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Issue 33, 2014
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A hydrophobic disordered peptide spontaneously anchors a covalently bound RNA hairpin to giant lipidic vesicles

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Abstract

The attraction of nucleic acids to lipidic compartments is the first step for carriers of potentially inheritable information to self-organise in functionalised synthetic cells. Confocal fluorescence imaging shows that a synthetic amphiphilic peptidyl RNA molecule spontaneously accumulates at the outer bilayer membranes of phospho- and glycolipidic giant vesicles. Cooperatively attractive interactions of −3.4 to −4.0 kcal mol−1 between a random coil hydrophobic peptide and lipid membranes can thus pilot lipophobic RNA to its compartmentation. The separation of mixed lipid phases in the membranes further enhances the local concentration of anchored RNA.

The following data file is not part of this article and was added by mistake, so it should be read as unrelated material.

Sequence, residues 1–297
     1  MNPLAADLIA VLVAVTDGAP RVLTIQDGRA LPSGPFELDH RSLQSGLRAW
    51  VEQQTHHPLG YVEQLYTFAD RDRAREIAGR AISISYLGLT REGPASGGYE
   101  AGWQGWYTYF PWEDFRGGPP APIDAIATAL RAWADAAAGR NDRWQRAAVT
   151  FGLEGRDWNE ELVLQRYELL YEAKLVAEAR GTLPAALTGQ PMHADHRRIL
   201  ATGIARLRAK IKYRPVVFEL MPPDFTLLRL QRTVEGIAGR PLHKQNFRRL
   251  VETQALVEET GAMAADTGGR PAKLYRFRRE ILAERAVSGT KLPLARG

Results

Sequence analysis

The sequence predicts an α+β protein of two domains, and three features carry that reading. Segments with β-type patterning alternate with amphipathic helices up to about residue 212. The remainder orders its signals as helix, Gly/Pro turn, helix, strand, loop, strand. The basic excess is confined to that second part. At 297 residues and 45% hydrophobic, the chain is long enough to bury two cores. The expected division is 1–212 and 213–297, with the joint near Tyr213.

Graphical abstract: A hydrophobic disordered peptide spontaneously anchors a covalently bound RNA hairpin to giant lipidic vesicles

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Article information


Submitted
04 Apr 2014
Accepted
28 May 2014
First published
29 May 2014

Org. Biomol. Chem., 2014,12, 6363-6373
Article type
Paper
Author version available

A hydrophobic disordered peptide spontaneously anchors a covalently bound RNA hairpin to giant lipidic vesicles

A. L. C. Isaad, P. Carrara, P. Stano, K. S. Krishnakumar, D. Lafont, A. Zamboulis, R. Buchet, D. Bouchu, F. Albrieux and P. Strazewski, Org. Biomol. Chem., 2014, 12, 6363
DOI: 10.1039/C4OB00721B

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